A couple of months ago at a lighting store where I saw a sign that said, “Lights, 25% off.” The sign wasn’t entirely accurate as about 50% of the lightbulbs were off.
Do you ever wonder what goes through a lightbulb’s head when you’re about to turn it off? Please say no. That would just be silly. It’s just an electrical device that we created to give us light. Lightbulbs have no feelings; they have no cognitive thought.
However, humans are getting much closer to developing electrical devices with actual cognitive thought. Many experts predict that within 40 years, we will have self-aware artificial intelligence. They already have artificial intelligence that look and speak like real people do.
We don’t hesitate to flick on and off a switch on a lightbulb; we feel no pain letting all the light from the device dissipate into darkness. How would you feel turning off a robot that you could relate to?
The higher the capacity or ability an animal has of communicating or bonding with us, the greater value and the more attached we are to those animals. That is why our society views the consumption of different kinds of animals differently. People who are willing to eat cow meat may not be willing to eat cat or dog meat. In a sense, we are more willing to switch one animal off than another.
Machines already have the ability to measure our preferences and to feed us images and information that we are more likely to be interested in. The more time goes by, the more ability we have to build robots that are able to communicate with us at a level that we want to. So it’s not unthinkable that we will have robots that we become attached to. How would you feel turning off that kind of machine?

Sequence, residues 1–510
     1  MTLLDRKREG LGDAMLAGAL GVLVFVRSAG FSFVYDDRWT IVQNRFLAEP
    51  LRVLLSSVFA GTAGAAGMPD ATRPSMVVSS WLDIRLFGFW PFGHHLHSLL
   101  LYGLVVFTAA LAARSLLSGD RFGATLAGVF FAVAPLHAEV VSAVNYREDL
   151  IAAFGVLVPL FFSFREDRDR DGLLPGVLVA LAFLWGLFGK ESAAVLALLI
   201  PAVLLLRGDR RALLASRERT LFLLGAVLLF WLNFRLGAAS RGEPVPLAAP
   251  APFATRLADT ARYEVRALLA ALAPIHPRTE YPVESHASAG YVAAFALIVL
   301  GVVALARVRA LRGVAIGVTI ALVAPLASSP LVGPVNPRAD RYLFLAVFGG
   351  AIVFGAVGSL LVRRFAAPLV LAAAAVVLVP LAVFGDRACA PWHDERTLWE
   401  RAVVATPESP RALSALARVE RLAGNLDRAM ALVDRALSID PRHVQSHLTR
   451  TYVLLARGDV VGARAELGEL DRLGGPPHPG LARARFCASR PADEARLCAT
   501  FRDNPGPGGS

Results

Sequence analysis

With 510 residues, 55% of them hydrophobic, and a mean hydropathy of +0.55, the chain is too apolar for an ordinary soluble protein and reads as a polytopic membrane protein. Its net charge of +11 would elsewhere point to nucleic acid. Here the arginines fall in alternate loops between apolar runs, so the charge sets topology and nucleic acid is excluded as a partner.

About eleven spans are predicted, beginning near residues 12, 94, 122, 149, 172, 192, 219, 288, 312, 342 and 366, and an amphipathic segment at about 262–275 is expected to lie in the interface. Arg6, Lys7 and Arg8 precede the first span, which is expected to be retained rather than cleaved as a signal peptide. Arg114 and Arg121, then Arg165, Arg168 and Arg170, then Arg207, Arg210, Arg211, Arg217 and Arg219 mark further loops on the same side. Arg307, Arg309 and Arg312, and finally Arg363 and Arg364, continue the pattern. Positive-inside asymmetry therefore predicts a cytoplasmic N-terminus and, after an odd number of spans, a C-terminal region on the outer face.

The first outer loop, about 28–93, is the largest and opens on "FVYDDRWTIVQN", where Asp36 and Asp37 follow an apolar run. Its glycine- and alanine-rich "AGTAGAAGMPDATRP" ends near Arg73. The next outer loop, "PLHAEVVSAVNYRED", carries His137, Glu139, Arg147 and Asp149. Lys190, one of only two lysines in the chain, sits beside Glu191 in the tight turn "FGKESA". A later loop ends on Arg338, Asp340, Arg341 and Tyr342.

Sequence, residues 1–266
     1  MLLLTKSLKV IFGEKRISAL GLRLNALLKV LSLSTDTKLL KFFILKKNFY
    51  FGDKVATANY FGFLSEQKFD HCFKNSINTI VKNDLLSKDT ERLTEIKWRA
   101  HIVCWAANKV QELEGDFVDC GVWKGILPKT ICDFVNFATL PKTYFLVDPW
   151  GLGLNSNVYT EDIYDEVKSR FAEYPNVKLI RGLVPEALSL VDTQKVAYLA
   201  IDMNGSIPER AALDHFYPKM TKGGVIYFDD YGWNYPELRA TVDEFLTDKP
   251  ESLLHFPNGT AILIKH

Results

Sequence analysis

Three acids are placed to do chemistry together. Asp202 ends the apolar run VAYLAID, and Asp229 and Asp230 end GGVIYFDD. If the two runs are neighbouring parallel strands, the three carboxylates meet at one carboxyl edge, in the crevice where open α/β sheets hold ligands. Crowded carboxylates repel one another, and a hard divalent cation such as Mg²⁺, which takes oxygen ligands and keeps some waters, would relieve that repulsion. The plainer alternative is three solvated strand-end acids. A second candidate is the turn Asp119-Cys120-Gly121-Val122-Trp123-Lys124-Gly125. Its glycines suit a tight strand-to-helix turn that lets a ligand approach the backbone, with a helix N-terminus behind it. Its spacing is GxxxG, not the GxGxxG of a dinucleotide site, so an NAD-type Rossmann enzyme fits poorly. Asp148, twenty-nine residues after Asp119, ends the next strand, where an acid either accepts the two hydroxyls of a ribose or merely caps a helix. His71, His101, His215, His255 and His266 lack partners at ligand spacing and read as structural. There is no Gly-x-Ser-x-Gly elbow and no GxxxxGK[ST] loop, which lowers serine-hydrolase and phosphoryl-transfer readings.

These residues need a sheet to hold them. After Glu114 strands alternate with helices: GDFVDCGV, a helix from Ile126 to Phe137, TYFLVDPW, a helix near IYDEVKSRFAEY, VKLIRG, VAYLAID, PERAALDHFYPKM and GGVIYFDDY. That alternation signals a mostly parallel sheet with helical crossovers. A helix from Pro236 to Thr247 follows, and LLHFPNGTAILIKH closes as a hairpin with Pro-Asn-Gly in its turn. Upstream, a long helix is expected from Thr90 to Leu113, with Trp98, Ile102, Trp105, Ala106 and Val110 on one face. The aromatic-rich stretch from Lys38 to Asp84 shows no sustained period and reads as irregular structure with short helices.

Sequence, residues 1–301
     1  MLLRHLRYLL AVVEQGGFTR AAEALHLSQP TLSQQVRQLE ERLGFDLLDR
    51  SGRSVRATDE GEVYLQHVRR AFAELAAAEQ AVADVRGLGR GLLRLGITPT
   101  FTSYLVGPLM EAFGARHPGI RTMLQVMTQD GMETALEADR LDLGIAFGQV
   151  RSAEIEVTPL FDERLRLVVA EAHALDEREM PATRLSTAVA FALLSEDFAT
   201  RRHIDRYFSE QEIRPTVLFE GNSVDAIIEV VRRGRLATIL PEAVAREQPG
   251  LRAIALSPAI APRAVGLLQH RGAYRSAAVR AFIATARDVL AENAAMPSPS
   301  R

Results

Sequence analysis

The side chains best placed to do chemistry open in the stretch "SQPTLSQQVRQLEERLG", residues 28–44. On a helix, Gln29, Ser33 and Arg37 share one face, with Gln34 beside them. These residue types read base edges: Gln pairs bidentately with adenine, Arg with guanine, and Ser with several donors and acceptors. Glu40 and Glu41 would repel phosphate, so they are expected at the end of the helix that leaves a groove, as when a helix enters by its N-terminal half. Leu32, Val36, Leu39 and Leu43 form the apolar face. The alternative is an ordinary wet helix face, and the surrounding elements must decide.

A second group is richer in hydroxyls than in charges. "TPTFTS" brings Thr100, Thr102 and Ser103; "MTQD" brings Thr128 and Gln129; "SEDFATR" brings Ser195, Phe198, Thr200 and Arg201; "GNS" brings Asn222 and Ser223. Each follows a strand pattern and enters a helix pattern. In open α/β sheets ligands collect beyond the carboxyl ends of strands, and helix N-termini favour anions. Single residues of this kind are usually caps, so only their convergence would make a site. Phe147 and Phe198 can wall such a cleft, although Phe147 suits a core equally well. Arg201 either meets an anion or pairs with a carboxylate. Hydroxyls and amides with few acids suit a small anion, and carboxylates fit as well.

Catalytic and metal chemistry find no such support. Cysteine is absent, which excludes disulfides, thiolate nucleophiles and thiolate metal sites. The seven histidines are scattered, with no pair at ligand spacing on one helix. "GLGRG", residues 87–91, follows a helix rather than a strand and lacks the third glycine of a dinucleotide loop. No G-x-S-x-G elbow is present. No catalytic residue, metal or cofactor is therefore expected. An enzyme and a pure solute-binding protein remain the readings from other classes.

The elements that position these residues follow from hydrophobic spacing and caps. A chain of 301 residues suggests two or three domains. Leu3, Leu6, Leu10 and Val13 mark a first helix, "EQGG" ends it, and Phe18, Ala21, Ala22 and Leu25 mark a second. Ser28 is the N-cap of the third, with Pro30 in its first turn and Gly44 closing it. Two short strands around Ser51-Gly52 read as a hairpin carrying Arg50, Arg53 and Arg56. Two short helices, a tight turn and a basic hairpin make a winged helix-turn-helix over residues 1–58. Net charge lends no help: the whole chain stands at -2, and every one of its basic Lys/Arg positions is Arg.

I’m guessing you would still have no problem turning off the robot. After all, a robot isn’t a living thing like a cat or a dog. But what if it was? What if the robot was self-aware, able to think for itself, and had its own preferences and desires? What if it had intelligence that surpassed our own, and it didn’t wish to be turned off? Would you still be easily able to press the button to power it off?
The more human-like something is—the more intelligent it is or the more ability it has to relate to us—the more likely we are to make moral judgements regarding it. That is why someone can get charged for animal cruelty for torturing a cat, but not a spider. This is a healthy mindset, because we are using humanity as a measure of value. We need to, because we need to believe that we have value. So it’s only natural and reasonable that moral questions regarding artificial intelligence are raised the closer they come to our level.
Personally, I believe that it’s great that we have moral concerns on how we treat other intelligent life forms. While I don’t necessarily believe that the act of harming an animal is inherently wrong, I do believe our willingness to do so says a lot about the condition of our heart. If we are so willing to do harm to something that we can relate to, that may be an indicator of our feelings regarding other human beings. Whether we’d like to admit it or not, other human beings are the ones that we can relate to more than any other thing.